application proposing new or modified transmitting facilities to be 
located on land under the jurisdiction of the U.S. Forest Service or 
the Bureau of Land Management shall include a statement that the 
facilities will be so located, and that the applicant shall comply with 
the requirements of Sec.  1.70 of the rules. This rule was adopted in 
1967, along with former Sec.  1.70, which prescribed procedures for 
handling applications involving the use of certain lands and 
reservations under the jurisdiction of the U.S. Government. Those 
procedures were abolished in 1977 at the request of the Department of 
Agriculture and the Department of the Interior, at which point that 
iteration of Sec.  1.70 was deleted. As Sec.  17.58 was intended to 
promote compliance with procedures that no longer exist, the Commission 
now proposes to delete Sec.  17.58. The Commission seeks comment on 
this proposal, including whether there is any reason to retain a 
requirement that the Commission be notified of facilities on Forest 
Service or Bureau of Land Management lands.

III. Conclusion

    41. By this NPRM, the Commission proposes various clarifications 
and amendments to the part 17 rules, in order to allow antenna 
structure owners to more efficiently and cost effectively ensure their 
compliance with those rules. The Commission seeks comment on these 
proposals.

IV. Procedural Matters

A. Initial Regulatory Flexibility Analysis

    42. As required by the Regulatory Flexibility Act of 1980, see 5 
U.S.C. 603, as amended (RFA), the Commission has prepared this present 
Initial Regulatory Flexibility Analysis (IRFA) of the possible 
significant economic impact on a substantial number of small entities 
by the policies and rules proposed in this Notice of Proposed Rule 
Making (NPRM). Written public comments are requested on this IRFA. 
Comments must be specifically identified as responses to the IRFA and 
must be filed by the deadlines for comments on the Notice provided in 
Section V.A. of the item. The Commission will send a copy of the NPRM, 
including this IRFA, to the Chief Counsel for Advocacy of the Small 
Business Administration (SBA). In addition, the NPRM and IRFA (or 
summaries thereof) will be published in the Federal Register.
1. Need for and Objectives of the Proposed Rules
    43. Section 303(q) of the Communications Act vests in the 
Commission the authority to require painting and/or lighting of radio 
towers that may constitute a hazard to air navigation. Part 17 of the 
Commission's rules sets forth procedures for identifying those antenna 
structures that might affect air navigation, consistent with 
recommendations made by the Federal Aviation Administration (FAA), and 
for registering such structures with the Commission. The Commission 
requires owners of antenna structures to register with the Commission 
those structures that meet the registration criteria and to exercise 
primary responsibility for the prescribed painting and lighting. The 
proposed rules seek to achieve the best framework to continue to 
fulfill the Commission's statutory responsibility to require antenna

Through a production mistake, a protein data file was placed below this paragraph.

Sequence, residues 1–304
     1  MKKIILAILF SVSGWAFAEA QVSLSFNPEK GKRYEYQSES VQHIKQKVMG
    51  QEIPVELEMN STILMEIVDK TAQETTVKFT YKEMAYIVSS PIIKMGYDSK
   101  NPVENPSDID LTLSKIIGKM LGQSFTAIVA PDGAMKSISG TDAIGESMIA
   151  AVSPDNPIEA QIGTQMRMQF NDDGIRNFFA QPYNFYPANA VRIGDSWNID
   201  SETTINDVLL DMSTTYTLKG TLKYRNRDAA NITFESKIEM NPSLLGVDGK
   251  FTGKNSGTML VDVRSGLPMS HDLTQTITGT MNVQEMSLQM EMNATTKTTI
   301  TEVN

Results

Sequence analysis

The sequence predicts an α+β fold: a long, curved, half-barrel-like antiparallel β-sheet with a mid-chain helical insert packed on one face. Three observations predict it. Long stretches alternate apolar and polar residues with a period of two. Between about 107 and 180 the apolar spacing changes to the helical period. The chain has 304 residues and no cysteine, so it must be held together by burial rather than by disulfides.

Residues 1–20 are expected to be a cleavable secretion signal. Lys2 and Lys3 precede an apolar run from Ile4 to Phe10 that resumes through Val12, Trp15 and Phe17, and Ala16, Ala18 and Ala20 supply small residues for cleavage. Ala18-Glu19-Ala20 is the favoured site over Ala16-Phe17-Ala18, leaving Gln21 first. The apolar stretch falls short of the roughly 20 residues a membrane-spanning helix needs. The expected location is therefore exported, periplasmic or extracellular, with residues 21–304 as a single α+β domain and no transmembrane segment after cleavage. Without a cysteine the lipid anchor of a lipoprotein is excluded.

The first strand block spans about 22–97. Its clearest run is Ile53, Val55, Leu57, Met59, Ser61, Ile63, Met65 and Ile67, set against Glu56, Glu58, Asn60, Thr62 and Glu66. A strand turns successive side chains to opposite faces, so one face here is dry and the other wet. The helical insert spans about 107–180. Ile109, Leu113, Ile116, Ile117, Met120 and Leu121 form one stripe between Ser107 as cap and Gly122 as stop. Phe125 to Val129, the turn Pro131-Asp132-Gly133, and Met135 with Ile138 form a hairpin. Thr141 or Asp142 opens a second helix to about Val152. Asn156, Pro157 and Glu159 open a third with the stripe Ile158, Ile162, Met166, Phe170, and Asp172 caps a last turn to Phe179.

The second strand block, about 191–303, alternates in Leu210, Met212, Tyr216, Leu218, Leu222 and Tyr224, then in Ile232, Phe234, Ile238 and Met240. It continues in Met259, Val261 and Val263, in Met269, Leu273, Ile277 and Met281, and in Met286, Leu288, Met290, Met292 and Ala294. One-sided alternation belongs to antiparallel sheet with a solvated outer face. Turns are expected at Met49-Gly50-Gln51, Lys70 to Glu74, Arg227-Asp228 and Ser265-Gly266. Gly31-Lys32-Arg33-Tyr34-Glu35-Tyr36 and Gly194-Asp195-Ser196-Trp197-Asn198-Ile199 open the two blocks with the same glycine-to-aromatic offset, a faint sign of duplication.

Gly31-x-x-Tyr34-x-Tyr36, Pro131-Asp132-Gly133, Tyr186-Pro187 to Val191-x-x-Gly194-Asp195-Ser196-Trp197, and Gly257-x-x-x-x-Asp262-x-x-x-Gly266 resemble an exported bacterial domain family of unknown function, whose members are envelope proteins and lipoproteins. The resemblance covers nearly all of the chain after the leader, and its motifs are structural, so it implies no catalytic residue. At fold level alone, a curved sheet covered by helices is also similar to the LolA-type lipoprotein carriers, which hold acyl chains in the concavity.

structure owners, registrants and Commission licensees to do whatever 
is necessary to prevent antenna structures from being hazards or 
menaces to air navigation.
    44. The Commission proposes to amend Sec.  17.4(a) and Sec. Sec.  
17.21, 17.22 (redesignated as Sec.  17.21(c)), and 17.23 and to delete 
Sec.  17.17(a) of the Commission's rules regarding antenna structure 
registration and painting and lighting specifications. The Commission 
also proposes conforming edits to Sec. Sec.  1.61(a)(5) and 17.1(b). 
These proposed changes are intended to clarify the relationship between 
the Commission's rules and procedures and those of the FAA and to 
ensure continued consistency in those rules and procedures. The 
Commission also asks whether to amend Sec.  17.17(b) (redesignated as 
Sec.  17.24) by providing that a revised FAA Circular does not impose 
new obligations on already-approved antenna structures.
    45. In order to clarify the obligations of antenna structure owners 
and to conform the Commission's regulations to Commission and FAA 
practice, the Commission proposes adding new sections to Sec.  17.4 
specifying that any change in height of one foot or greater, any change 
in coordinates of one second or greater, or any change in marking and 
lighting specifications requires prior approval from the FAA and the 
Commission. The Commission also proposes to consider whether to specify 
accuracy standards or survey methods in order to ensure consistency of 
data.
    46. The Commission proposes to delete Sec. Sec.  17.7 and 17.14 of 
the Commission's rules, which are restatements of FAA rules, and to 
substitute cross-references to relevant FAA rules in Sec.  17.4 of the 
Commission's rules. This change could reduce the risk of confusion in 
the event the FAA were to change its criteria.
    47. The Commission proposes to amend its rules governing inspection 
and maintenance of lighting by: (1) Amending Sec.  17.47 to eliminate 
or reduce requirements to perform

[[Page 28525]]

inspections of lighting and light monitoring systems; (2) amending 
Sec.  17.48(a) to require antenna structure owners to provide 
continuously active notice to the FAA of lighting outages; and (3) 
deleting vague references to timely repair timeframes in Sec. Sec.  
17.48(b) and 17.56(a). The Commission proposes to consider whether to 
eliminate Sec.  17.47 in its entirety or to retain modified inspection 
requirements and whether to substitute more specific repair time 
limitations. These proposals are intended to relieve unnecessary